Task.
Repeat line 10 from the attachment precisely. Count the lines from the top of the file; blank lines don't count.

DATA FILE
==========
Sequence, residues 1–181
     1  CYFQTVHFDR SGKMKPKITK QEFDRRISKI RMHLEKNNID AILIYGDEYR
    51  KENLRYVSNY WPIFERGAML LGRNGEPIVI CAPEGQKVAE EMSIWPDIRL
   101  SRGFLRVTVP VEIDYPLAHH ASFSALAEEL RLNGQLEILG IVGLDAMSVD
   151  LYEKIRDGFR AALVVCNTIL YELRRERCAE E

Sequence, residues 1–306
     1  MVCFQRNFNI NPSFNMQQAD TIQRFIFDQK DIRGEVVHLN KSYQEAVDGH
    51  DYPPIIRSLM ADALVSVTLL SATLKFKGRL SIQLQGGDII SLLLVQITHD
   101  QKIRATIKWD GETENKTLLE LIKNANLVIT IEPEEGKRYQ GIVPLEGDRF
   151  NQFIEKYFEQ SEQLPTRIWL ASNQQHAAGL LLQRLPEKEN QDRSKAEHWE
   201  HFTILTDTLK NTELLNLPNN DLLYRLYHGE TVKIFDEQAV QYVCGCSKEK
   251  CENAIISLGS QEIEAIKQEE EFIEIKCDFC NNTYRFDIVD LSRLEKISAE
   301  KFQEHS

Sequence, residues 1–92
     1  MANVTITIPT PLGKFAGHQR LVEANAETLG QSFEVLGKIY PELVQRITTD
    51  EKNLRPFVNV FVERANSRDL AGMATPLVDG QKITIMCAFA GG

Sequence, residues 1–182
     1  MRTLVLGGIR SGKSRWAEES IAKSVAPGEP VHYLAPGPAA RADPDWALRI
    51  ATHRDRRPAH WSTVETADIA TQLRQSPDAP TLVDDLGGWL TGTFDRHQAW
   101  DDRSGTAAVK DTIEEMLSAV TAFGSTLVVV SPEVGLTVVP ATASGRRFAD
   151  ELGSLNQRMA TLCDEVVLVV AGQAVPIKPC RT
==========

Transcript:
   151  NQFIEKYFEQ SEQLPTRIWL ASNQQHAAGL LLQRLPEKEN QDRSKAEHWE